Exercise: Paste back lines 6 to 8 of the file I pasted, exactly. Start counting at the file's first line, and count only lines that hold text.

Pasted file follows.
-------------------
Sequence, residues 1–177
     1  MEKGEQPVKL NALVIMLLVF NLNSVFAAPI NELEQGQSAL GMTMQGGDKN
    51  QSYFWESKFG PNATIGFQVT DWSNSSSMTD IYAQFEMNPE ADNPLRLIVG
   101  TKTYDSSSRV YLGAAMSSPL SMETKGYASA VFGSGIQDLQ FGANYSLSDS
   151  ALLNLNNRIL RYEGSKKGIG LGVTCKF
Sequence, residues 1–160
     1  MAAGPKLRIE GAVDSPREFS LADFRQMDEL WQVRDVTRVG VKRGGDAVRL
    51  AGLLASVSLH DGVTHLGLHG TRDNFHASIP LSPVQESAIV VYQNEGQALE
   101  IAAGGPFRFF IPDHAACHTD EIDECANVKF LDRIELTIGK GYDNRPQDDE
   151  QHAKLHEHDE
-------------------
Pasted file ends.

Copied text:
Sequence, residues 1–160
     1  MAAGPKLRIE GAVDSPREFS LADFRQMDEL WQVRDVTRVG VKRGGDAVRL
    51  AGLLASVSLH DGVTHLGLHG TRDNFHASIP LSPVQESAIV VYQNEGQALE